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Wheatears

Already lone migrants of several species are dripping through the south of the country – exceptional reports that presage the shape of things to come. For most folk the first visible sign of spring will be the first wheatears returning from their African winter home.

Of the Oenanthe genus they are close relatives of our local Saxicola stonechats – both in the IOC’s Muscicapidae family. In Europe this starts with our familiar and loved resident the robin, which thus loses its traditional association with thrushes. The Turdidae family does though immediately precede Muscicapidae so the association merely weakens.

Locally this year just Blake’s Pools and Severn Beach have witnessed wheatears. These birds may be on passage through to Greenland and even Canada – one of the longest distance migrations in the world. They will cross 1,500 miles of ocean in one hop, staying on the wing as long as 30 hours. For a bird not much bigger than a robin this is a gargantuan feat.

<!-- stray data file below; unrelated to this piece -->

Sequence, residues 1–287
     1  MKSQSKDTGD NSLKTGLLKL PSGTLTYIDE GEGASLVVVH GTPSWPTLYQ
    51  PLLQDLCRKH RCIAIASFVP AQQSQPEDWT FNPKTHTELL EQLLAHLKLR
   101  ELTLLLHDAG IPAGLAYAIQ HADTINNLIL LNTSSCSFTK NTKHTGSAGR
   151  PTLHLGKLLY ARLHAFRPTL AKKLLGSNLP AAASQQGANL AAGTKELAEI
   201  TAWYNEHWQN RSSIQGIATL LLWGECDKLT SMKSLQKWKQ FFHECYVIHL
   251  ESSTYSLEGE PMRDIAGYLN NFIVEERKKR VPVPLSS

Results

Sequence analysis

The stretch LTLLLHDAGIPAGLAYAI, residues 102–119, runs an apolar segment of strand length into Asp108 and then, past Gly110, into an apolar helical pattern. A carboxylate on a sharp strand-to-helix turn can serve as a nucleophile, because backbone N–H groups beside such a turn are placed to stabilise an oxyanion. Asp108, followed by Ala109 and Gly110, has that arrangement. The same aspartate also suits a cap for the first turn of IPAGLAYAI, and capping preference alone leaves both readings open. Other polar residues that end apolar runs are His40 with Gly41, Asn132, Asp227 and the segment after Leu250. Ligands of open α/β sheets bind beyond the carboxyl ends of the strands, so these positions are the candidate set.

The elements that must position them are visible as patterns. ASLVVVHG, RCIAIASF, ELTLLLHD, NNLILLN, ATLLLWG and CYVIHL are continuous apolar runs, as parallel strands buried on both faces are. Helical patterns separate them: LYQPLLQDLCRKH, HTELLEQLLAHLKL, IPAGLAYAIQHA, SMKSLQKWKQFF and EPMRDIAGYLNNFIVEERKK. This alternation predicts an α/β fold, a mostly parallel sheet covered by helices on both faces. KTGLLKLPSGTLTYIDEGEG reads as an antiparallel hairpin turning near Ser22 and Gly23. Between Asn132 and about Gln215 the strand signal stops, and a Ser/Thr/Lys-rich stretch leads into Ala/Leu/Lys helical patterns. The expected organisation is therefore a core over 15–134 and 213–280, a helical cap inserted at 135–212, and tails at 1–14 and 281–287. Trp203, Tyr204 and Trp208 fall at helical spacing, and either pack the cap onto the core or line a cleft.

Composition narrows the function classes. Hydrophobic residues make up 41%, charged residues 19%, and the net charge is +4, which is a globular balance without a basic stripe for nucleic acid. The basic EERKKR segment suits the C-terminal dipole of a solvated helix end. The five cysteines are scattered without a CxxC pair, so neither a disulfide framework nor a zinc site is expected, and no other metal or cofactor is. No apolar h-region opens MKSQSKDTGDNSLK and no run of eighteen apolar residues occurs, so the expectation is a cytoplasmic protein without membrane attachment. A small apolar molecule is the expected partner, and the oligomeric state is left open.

My own personal earliest wheatear was on the 21st in 1998 at the Elan Valley so there’s a way to go yet for me. None was at Portbury Wharf this morning, nor much of anything else outside the usual ducks. A few skylarks sang and a great spotted woodpecker drummed – a female. I didn’t know both sexes did that.

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